Developing My Identity in a World of Stereotypes
It is precisely 4:20 on August 22, 2011, as I am walking to my American Identities class. It is the first day of classes of my senior year of college, and I am feeling nervous, anxious, and excited all in one. As I am walking towards Fenton Hall, a friend stops me to ask where I am headed.
“American Identities” I reply nonchalantly.
“What’s that?” she asks indifferent.
“Good question,” I mutter.
It was a great question. One that I began wondering about during the rest of the walk to class. Even after the first class, I was not fully aware of the answer. Little did I know, there is not one specific definition of American identities. Rather, it is a question that relates to your own personal identity, and how that relates to your idea of the ultimate American identity, if you believe in one. For me to better understand American identities, I had to first explore my own identity and how it has shaped me into the person I am today. And so it began on that day, August 22, 2011, that I first set out to explore my identity.
Beginning the journey of exploring my identity has given me perspective on my life. Without knowing who I was, I could not develop my own goals as a person or as a citizen of this country. I urge you all to take a step back, and as you read this, think about who you are. Has your identity changed over time? Have you tried to accomplish goals that meant a lot to you? Think about what defines your world and how that in turn plays a role in what American identities means to you. The first step I took in this journey was simply going back to the basics by exploring my age and gender.
Age and Gender:
For some, the fact that I am twenty-one years old and in college may already say a lot about my personality-that is, a hard-core drinker who just wants to party and hook up all the time. These college stereotypes are common throughout the United States, with at least half the college population actually living up to these expectations. Both my age and gender say a lot about what I am “supposed” to be like, instead of who I really am.
In retrospect, my gender plays a huge role in my own identity development. As a senior in college, I look back on my first few months at Fredonia and I do not even know who that person was. I was under the impression that if I did not drink on the weekends, then I was “uncool.” If I stayed in on a weekend to watch a movie, I would be made fun of by my roommate. Why couldn’t I do what I wanted to do? Even in high-school, I was known as the “class ditz.” I thought this was great because it meant that guys noticed me. Guys wanted girls they could make fun of because it meant he liked you. That was my philosophy. But soon it was not an act anymore. Celebrities who said funny and stupid things were always in magazines constantly being talking about. Jessica Simpson’s “Is this chicken or tuna?” comment made national headlines. I was beginning to act “blond” all the time. I colored my hair, wore lots of makeup, and lost 10 pounds just to be “that” girl. When I began to attend college, it was no doubt that I had no idea who I was. After a few months of adjustments, I began to grow into my own skin little by little and begin developing into the person I am today.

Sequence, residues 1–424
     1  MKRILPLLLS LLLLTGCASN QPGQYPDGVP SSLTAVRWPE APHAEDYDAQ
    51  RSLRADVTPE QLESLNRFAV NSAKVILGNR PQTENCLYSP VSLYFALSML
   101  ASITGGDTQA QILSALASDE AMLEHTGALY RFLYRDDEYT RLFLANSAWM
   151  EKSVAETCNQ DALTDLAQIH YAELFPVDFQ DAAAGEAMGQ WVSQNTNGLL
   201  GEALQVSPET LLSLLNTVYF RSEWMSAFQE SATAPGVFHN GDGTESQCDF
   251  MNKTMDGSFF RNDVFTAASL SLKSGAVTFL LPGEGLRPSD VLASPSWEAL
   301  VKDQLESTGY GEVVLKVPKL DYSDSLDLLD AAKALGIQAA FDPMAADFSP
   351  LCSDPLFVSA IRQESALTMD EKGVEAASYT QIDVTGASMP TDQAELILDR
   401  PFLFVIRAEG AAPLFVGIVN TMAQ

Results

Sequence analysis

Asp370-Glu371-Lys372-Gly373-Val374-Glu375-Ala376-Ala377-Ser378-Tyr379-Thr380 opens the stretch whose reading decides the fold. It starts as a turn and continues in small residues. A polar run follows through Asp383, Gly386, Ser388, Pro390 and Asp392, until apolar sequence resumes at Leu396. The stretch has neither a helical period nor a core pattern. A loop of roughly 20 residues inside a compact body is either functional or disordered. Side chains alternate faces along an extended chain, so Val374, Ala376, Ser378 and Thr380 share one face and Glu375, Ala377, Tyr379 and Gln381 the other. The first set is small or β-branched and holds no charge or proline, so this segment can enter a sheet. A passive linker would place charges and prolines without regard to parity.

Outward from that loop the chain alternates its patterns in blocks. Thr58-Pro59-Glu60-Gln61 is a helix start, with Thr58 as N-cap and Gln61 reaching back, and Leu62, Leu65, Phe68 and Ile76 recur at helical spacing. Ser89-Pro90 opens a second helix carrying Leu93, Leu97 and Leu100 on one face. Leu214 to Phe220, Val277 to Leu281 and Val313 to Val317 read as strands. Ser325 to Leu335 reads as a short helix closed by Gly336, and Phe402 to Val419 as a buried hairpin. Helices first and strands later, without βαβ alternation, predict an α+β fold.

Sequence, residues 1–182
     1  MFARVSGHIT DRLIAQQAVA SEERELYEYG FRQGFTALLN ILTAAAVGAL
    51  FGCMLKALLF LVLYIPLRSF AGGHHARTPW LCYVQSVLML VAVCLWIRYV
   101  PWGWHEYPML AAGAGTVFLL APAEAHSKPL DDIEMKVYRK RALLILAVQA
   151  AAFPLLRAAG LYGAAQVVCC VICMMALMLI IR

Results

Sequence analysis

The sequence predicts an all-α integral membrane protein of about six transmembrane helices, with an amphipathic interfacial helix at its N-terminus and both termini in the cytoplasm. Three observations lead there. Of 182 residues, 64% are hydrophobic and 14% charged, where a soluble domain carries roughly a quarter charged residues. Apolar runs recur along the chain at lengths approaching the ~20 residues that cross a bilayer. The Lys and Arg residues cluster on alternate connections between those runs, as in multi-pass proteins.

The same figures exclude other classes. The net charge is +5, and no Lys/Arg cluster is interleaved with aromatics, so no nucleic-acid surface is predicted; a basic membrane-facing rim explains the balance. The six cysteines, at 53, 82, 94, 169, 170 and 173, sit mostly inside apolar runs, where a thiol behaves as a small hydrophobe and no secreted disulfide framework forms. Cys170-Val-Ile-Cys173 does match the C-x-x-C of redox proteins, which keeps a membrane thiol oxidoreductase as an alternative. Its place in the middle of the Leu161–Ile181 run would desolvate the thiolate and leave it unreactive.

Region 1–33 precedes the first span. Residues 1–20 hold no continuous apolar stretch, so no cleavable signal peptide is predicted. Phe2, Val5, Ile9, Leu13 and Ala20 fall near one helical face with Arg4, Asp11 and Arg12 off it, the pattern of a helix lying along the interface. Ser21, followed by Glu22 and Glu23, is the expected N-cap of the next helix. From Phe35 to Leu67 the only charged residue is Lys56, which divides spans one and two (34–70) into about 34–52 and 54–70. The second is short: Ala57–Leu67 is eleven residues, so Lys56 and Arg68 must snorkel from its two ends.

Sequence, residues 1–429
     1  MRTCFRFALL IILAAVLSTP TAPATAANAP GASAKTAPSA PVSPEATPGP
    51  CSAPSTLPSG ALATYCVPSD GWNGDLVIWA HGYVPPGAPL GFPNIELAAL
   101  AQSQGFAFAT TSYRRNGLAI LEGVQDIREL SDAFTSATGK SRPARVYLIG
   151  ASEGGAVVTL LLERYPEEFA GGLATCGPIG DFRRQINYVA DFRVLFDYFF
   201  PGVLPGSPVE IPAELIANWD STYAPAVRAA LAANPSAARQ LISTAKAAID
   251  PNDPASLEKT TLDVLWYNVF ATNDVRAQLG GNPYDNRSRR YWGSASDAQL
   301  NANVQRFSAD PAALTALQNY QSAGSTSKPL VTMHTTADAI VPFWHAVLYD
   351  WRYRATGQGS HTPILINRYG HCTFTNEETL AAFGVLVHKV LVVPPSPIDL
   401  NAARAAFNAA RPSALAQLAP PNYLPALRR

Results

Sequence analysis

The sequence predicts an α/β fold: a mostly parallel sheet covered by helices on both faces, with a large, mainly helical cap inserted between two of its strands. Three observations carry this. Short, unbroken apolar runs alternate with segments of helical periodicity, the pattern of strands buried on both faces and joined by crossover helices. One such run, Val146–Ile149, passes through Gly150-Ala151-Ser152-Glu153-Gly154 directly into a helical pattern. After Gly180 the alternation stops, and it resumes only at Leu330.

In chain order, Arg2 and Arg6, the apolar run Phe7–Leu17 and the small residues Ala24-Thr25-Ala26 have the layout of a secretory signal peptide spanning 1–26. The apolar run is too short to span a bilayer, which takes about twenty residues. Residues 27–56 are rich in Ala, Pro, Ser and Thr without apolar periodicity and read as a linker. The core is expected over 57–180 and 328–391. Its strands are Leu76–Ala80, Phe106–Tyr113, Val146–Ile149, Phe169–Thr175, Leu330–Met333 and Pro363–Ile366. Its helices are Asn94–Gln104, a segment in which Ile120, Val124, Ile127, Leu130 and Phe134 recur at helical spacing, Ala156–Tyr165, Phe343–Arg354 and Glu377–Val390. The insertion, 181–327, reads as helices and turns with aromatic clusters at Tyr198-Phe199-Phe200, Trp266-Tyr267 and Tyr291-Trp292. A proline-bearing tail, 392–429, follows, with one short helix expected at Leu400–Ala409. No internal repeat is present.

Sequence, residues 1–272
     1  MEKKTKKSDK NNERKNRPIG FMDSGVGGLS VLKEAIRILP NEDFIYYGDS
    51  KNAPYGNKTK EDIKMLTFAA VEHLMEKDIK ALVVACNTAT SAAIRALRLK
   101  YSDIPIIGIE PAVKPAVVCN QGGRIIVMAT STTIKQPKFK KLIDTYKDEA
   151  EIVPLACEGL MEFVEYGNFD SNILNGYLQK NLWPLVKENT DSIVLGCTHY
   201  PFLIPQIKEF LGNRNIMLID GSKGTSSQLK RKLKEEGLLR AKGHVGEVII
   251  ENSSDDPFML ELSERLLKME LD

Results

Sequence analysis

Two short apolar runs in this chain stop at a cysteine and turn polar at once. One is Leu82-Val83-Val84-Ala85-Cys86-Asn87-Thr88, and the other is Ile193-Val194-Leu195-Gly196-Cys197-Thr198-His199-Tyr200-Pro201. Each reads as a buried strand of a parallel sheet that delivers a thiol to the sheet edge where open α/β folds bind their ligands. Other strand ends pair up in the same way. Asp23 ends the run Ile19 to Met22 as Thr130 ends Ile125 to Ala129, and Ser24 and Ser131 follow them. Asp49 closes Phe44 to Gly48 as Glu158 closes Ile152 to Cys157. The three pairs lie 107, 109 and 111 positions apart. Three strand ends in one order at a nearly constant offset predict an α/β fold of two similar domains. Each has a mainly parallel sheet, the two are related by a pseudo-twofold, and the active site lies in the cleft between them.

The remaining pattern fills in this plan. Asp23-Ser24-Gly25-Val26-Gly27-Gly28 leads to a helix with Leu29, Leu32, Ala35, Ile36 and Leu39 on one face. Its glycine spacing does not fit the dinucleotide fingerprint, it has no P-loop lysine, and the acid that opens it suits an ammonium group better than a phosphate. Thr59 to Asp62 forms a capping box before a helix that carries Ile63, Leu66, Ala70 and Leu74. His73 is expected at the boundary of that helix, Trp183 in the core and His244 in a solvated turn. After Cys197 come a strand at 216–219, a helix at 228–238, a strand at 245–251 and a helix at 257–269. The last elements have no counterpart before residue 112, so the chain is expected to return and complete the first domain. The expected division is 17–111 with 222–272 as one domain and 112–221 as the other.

After that stressful freshman year of college, I always made the Dean’s list, tried my hardest, and did not let myself be that “stupid” girl who did not know who she was. My gender is who I am. So many women feel like they need to be quiet and timid to live up to society’s “expectations” of them. I personally know many women in today’s society that graduate college and then become housewives, merely living off of their husband’s money. This phenomenon has become so popular that there are even reality television shows called “The Housewives of Orange County” or “New Jersey” or even “Atlanta.” As a society we have become so obsessed with watching how wealthy people live and act. We crave the drama that takes place in their lives and love to look at their designer clothes. My sisters watch these shows and I often wonder why. I’d much rather read a book, but that’s just me.
At twenty-one I can now honestly say I know who I am. I am going to be an English teacher. I am a lover of books and music. I always say what is on my mind, and I do not care what people think of me. I do not let college boys walk all over me. I am strong and determined. I am a woman, and I love who I am. This may change throughout the years, but regardless of that change, my age and gender will always play a role in my identity.
Family and Friends:
My identity at twenty-one goes way back to my roots. I would not have gotten to the place I am today without my family and friends. Everyday I feel so grateful for the people I have in my life. Granted it has not always been this way. As an adolescent, I took my friends and family for granted, only caring about myself. Coming to college, I really began to appreciate everything my parents have sacrificed for me. I have been extremely lucky in having both of my parents there for me as I was growing up. They never missed the softball games, prom pictures, and music concerts that meant so much to me. Even through that struggling time in high-school when I did not know who I was, my family and friends both stuck by my side, knowing I would soon see the light in the tunnel.